During the recent cold snap, my daughter, Zoey, pointed out a man with a sign standing at an intersection.
Wind-battered, he was bundled into a few layers and hooded sweatshirt beneath a light-weight jacket.
“I can’t imagine,” remarked Zoey, noting his shivering. “Where does he sleep?”
She paused, then read aloud from his sign. “Shelter is full.”
The notion left her incredulous. “We have a homeless shelter, and it’s full? What’s he supposed to do?”
There’s actually more than one shelter — just in Waterloo, I explained. They’re relatively small, I added, and woefully underfunded. I had been at one of them earlier this fall when it was still warm outside, and it was full then.
“They’re usually full, here and everywhere,” I told her. “I don’t know what he’ll do. I hope he at least has a car to get out of the wind, but that’s not enough.”
As housing costs continue to climb, the growth of the homeless population nationwide has far exceeded the capacity of faith-based and secular charitable organizations.
The National Law Center on Homelessness and Poverty notes the main causes of homelessness are lack of jobs that pay a living wage and lack of affordable housing. (The federal government defines “affordable housing” as that which costs no more than 30 percent of a person’s income.)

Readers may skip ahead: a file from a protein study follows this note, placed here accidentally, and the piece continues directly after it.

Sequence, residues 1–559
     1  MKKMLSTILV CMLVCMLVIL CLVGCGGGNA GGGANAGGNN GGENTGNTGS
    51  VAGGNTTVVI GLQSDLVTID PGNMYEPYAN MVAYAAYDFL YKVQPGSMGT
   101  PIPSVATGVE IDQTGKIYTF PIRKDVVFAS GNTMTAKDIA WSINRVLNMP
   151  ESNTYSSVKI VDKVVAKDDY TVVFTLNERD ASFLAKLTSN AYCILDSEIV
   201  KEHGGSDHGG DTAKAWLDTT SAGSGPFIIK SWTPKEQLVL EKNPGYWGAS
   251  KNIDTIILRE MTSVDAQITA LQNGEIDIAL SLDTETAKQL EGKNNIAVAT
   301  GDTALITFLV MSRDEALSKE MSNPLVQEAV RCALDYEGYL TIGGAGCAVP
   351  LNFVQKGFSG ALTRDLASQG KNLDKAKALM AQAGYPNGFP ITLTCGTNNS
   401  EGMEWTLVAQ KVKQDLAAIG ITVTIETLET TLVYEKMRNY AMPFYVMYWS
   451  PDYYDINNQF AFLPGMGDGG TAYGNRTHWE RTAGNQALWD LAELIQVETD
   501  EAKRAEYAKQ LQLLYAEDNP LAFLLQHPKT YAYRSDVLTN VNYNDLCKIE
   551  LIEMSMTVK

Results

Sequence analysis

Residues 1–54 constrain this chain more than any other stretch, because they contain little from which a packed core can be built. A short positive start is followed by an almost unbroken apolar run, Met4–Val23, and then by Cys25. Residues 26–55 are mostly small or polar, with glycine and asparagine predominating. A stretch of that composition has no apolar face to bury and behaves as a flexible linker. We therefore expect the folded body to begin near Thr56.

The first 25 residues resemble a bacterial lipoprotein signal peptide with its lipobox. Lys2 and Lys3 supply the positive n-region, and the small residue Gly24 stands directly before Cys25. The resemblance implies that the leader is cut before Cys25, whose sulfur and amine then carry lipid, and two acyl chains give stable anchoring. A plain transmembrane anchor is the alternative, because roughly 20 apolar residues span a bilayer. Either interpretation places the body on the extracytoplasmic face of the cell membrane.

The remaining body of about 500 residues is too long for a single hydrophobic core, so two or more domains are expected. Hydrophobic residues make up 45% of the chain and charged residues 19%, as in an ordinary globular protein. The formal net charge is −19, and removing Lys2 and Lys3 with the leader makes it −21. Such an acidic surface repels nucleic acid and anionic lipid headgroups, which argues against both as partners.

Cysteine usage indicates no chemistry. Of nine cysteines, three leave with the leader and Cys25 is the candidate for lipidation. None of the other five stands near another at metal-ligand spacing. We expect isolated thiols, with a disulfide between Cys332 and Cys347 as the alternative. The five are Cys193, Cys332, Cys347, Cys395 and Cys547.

In Black Hawk County, there are roughly 60 people housed in shelters. In addition, an undocumented number of people stay temporarily with relatives and friends, in vehicles and in other “transitional” shelter.
Some live on the margins, at risk of homelessness. Of Iowa’s 3.1 million people, more than 12 percent are below the poverty line. Children and seniors are most at risk, with 15 percent and 7.4 percent, respectively, at or below poverty level.
There are several common myths about homelessness, ranging from questionable work ethics to misconceptions about mental health and addictions.
An estimated 25 percent of homeless people are employed and figure among the working poor, according to the Law Center. The fastest growing homeless population is families, and children account for one in four U.S. homeless people.
It’s true a disproportionate number of homeless people have a mental illness, but it accounts for less than 30 percent, according to the U.S. Conference of Mayors National Coalition for the Homeless. The same goes for those with drug and alcohol addictions. In all cases, the vast majority can become self-sufficient with adequate outpatient treatment.
Some people believe great social services cause homeless people to flock to a particular area. However, studies show the majority of homeless people remain in the city in which they became homeless. If they do move to a new area, it’s to search for work or be near family.